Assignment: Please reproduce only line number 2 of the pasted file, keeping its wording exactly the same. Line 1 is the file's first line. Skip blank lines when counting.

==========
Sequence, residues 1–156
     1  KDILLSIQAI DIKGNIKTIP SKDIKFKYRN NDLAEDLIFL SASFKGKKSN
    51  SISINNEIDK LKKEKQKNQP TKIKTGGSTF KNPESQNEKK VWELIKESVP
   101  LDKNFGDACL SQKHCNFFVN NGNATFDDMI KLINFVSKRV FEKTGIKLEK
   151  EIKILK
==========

     1  KDILLSIQAI DIKGNIKTIP SKDIKFKYRN NDLAEDLIFL SASFKGKKSN